Industrial production fell 0.3% in January, held back by a 5.7% decline in utility output. Manufacturing increased 0.2% in January. This was the second consecutive 0.2% increase. Overall production is flat with a year ago comparison, while manufacturing remains up 0.3%. Non-auto manufacturing was up 0.5% in January and up 0.3% on a year ago basis. Business equipment output climbed 0.1% and December was revised to an 0.8% increase. Mining rose 2.8% in the first month of the year. The manufacturing sector appears to be improving. Domestic demand is decent, but the strong dollar will remain a headwind for exports. Mining will be a plus, as domestic oil production is turning upwards, as OPEC cuts have resulted in higher oil prices. Business sentiment does appear to be improving since the election. However, trade issues are causing concerns in companies that could be exposed to potential changes in trade regulations. With the inventory correction completed and final demand strengthening, the outlook is improving for the industrial sector. However, some of the expected boost from the new administration must run through Congress, whose glacial work pace may cause business sentiment to back-track in coming months.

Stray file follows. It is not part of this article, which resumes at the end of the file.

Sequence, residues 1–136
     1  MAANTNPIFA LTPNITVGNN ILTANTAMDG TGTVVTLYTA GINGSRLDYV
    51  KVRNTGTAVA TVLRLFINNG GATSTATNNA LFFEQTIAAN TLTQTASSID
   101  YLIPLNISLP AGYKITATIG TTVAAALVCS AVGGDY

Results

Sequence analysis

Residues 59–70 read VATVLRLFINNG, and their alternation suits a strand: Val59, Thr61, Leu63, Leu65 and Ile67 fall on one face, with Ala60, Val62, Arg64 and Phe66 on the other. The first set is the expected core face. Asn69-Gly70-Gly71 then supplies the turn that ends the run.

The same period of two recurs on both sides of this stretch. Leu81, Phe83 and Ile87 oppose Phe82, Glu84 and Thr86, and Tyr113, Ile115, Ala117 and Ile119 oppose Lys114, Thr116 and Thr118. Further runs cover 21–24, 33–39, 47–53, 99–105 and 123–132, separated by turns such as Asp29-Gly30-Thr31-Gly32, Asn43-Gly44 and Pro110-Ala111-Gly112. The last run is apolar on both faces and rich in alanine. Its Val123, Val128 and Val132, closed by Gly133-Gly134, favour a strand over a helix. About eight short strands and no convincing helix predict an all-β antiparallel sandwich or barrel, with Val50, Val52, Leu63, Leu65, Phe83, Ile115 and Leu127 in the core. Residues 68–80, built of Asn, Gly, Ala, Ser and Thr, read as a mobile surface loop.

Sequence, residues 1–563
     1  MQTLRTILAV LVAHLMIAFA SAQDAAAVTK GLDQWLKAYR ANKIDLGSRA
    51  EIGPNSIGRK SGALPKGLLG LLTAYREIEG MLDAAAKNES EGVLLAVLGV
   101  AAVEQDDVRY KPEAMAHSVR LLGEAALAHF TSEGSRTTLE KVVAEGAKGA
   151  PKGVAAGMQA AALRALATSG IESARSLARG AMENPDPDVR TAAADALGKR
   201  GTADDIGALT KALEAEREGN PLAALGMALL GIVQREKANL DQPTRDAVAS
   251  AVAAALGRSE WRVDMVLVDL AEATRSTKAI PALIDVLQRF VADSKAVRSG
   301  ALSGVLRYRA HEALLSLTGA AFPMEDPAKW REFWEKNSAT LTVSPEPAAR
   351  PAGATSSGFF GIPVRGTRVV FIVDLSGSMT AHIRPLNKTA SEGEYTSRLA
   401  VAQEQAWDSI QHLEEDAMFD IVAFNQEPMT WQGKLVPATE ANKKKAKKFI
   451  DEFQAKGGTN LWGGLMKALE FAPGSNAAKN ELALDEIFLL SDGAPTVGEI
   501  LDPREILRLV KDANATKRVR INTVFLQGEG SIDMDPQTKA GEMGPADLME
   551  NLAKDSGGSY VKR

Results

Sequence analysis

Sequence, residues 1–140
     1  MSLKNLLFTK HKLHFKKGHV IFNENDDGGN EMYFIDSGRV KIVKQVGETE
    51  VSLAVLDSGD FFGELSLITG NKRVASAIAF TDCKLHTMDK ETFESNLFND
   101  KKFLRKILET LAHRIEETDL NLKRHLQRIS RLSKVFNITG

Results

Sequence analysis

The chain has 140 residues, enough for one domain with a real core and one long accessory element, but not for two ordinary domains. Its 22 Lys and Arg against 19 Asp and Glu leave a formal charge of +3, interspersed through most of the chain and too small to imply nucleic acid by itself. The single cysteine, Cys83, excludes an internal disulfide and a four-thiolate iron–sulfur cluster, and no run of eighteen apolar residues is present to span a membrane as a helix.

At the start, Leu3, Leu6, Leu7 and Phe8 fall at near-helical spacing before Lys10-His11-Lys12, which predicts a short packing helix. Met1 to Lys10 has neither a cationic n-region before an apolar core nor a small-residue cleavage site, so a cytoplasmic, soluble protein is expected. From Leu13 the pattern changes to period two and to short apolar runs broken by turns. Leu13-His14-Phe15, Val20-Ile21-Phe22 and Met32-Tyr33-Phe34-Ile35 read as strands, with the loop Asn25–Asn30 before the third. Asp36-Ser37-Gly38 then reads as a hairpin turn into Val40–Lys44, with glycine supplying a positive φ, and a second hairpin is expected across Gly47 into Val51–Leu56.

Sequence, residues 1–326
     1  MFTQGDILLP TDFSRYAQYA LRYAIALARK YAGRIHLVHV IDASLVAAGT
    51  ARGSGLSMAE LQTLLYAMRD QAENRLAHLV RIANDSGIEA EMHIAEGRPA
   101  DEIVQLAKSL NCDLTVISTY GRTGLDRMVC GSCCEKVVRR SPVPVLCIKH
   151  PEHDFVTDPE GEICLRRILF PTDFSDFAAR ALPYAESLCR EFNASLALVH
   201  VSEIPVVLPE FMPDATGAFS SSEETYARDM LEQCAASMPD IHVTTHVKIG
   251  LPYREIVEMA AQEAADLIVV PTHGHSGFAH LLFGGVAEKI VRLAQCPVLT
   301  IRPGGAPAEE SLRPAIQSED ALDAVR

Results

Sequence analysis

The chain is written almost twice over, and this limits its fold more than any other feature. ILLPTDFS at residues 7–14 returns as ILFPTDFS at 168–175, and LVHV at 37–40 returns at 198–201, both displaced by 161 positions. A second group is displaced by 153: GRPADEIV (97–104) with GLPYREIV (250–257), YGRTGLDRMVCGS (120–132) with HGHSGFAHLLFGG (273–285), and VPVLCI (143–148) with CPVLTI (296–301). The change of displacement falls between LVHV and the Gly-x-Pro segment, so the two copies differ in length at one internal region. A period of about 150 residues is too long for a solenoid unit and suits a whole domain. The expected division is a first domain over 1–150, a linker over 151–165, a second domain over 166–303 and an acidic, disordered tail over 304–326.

Homebuilding sentiment fell to 65 in February from 67 in January, according to the NAHB index. Although down from January, homebuilder sentiment is still near the highest point in years and favorable for future construction. All three subcomponents lost ground in February. Traffic of prospective buyers retrenched because of the higher interest mortgage rates that followed the election of Donald Trump. Still, the index remains healthy and overall fundamentals are favorable for construction activity this year.